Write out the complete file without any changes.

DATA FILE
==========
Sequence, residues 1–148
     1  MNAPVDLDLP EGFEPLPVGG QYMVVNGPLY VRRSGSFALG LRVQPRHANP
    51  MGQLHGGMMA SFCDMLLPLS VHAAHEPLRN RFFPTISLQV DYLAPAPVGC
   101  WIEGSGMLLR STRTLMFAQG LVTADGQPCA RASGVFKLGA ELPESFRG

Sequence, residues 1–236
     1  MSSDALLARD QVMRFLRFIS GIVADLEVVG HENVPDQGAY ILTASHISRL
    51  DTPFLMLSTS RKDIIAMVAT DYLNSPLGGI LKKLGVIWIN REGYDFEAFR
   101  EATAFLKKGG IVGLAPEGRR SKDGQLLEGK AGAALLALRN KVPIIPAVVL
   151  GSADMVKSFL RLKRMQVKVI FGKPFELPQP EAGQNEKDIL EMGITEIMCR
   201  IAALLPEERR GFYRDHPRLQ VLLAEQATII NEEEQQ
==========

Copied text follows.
Sequence, residues 1–148
     1  MNAPVDLDLP EGFEPLPVGG QYMVVNGPLY VRRSGSFALG LRVQPRHANP
    51  MGQLHGGMMA SFCDMLLPLS VHAAHEPLRN RFFPTISLQV DYLAPAPVGC
   101  WIEGSGMLLR STRTLMFAQG LVTADGQPCA RASGVFKLGA ELPESFRG

Sequence, residues 1–236
     1  MSSDALLARD QVMRFLRFIS GIVADLEVVG HENVPDQGAY ILTASHISRL
    51  DTPFLMLSTS RKDIIAMVAT DYLNSPLGGI LKKLGVIWIN REGYDFEAFR
   101  EATAFLKKGG IVGLAPEGRR SKDGQLLEGK AGAALLALRN KVPIIPAVVL
   151  GSADMVKSFL RLKRMQVKVI FGKPFELPQP EAGQNEKDIL EMGITEIMCR
   201  IAALLPEERR GFYRDHPRLQ VLLAEQATII NEEEQQ